Limitations on characters in filenames and entities

When you name files and entities, such as users and clients, be aware of the following limitations.

Character Helix Core Usage Not allowed for the entity you create with




recursive subdirectory wildcard

file matching wildcard

positional substitution wildcard

p4 user, p4 client, p4 depot, p4 label, p4 job, p4 stream


separating pathname components

OK for p4 user, p4 label, and p4 job

p4 client, p4 depot

and not allowed in the name of a file


No special meaning for Perforce.

(Allowed, but be aware that Microsoft Windows uses the backslash as the separator for pathname components.)


prefix to the identifier of a changelist, label, client, or datespec.

p4 user, p4 client, p4 depot, p4 label, p4 job, p4 stream


specifying the revision number

p4 user, p4 client, p4 depot, p4 label, p4 job, p4 stream

1 or 1234

changelist numbers are purely numeric

A purely numberic identifier is NOT allowed for a user, client, depot, label, job, or stream, so consider something like 1a or 1_234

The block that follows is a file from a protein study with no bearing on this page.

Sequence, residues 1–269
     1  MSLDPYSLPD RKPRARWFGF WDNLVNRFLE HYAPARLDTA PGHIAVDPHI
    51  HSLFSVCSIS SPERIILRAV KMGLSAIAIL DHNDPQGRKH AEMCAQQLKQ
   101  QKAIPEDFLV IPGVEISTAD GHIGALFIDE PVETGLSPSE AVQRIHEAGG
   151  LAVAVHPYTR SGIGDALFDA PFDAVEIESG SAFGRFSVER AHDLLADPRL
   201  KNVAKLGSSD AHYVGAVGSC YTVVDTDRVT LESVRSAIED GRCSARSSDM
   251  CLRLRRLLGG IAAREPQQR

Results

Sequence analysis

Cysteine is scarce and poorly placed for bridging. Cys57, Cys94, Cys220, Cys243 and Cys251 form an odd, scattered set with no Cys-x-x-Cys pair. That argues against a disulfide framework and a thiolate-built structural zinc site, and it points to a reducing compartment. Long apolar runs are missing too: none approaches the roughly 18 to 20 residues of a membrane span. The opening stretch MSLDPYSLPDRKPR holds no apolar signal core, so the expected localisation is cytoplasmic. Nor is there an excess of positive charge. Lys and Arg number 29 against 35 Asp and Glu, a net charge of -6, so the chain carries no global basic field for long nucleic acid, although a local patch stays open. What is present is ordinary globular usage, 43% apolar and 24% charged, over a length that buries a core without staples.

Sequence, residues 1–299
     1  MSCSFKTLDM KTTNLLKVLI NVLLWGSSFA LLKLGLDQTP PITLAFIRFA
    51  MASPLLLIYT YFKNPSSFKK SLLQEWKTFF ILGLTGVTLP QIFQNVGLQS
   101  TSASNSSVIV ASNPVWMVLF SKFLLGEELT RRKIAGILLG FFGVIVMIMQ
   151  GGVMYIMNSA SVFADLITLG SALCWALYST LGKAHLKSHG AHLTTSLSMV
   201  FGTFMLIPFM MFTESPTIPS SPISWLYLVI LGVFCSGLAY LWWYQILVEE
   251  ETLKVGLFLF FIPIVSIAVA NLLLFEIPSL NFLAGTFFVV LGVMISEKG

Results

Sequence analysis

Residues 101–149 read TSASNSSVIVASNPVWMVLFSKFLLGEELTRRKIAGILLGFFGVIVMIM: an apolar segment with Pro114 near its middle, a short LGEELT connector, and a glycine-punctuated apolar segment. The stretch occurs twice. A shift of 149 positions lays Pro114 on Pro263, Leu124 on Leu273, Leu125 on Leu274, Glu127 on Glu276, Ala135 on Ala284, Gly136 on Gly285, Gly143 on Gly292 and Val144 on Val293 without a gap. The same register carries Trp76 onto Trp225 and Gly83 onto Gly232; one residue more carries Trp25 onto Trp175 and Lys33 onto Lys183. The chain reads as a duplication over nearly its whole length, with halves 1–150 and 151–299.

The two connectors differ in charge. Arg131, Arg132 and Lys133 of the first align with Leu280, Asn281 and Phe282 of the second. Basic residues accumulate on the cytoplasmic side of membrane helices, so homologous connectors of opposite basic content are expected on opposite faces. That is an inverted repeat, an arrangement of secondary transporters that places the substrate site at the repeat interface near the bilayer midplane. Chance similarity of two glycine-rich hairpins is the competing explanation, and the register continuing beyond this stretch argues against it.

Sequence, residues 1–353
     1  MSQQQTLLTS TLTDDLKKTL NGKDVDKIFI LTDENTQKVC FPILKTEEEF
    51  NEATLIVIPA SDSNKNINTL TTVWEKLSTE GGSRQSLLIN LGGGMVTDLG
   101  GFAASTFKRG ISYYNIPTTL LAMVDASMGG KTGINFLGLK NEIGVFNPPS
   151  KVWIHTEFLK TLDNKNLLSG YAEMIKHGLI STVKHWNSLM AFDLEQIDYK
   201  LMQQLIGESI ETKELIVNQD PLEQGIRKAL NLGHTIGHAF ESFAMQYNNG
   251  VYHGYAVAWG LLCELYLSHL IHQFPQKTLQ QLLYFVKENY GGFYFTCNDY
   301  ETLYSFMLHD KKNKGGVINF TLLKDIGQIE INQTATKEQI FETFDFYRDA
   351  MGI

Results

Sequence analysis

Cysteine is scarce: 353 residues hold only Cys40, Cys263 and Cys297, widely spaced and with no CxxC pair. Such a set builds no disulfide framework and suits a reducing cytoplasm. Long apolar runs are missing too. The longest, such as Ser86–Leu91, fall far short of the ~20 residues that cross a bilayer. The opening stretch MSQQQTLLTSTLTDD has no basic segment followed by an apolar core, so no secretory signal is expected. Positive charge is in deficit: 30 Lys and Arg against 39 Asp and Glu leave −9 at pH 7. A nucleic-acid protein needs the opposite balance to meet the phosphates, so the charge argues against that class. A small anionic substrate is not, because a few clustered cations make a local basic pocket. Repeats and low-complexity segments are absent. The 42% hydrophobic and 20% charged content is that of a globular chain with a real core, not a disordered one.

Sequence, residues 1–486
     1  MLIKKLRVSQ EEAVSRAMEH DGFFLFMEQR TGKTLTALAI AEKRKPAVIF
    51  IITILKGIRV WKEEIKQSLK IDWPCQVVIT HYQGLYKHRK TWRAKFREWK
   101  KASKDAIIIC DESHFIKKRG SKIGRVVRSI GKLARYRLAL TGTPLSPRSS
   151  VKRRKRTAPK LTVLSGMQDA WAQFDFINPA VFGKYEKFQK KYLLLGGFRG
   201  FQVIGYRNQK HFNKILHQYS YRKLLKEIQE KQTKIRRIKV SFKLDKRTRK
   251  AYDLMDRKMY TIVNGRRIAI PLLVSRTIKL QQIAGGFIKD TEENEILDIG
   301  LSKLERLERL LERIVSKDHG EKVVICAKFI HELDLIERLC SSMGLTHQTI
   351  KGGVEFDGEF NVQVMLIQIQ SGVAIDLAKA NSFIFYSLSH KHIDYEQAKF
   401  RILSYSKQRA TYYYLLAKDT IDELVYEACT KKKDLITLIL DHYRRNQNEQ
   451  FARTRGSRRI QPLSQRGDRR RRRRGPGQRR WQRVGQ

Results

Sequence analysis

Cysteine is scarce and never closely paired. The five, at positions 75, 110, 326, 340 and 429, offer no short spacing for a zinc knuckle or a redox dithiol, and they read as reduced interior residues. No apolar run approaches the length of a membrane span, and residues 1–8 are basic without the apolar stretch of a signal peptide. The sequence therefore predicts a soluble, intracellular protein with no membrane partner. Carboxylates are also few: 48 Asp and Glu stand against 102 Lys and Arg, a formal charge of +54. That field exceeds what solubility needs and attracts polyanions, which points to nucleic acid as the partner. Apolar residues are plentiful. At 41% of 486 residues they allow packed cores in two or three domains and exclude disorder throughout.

To refer to files containing the Perforce revision specifier wildcards (@ and #), file matching wildcard (*), or positional substitution wildcard (%%) in either the file name or any directory component, use the ASCII expression of the character’s hexadecimal value. ASCII expansion applies only to the following four characters:

Character ASCII expansion









To add a file such as [email protected], force a literal interpretation of special characters by using:

$ p4 add -f //depot/path/[email protected]

When you submit the changelist, the characters are automatically expanded and appear in the change submission form as follows:


After submitting the changelist with the file’s addition, you must use the ASCII expansion in order to sync it to your workspace or edit it within your workspace:

$ p4 sync //depot/path/status%40june.txt
$ p4 edit //depot/path/status%40june.txt

Most special characters tend to be difficult to use in filenames in cross-platform environments: UNIX separates path components with /, while many DOS commands interpret / as a command line switch. Most UNIX shells interpret # as the beginning of a comment. Both DOS and UNIX shells automatically expand * to match multiple files, and the DOS command line uses % to refer to variables.

Similarly, although non-ASCII characters are allowed in filenames and Perforce identifiers, entering these characters from the command line may require platform-specific solutions. Users of GUI-based file managers can manipulate such files with drag-and-drop operations.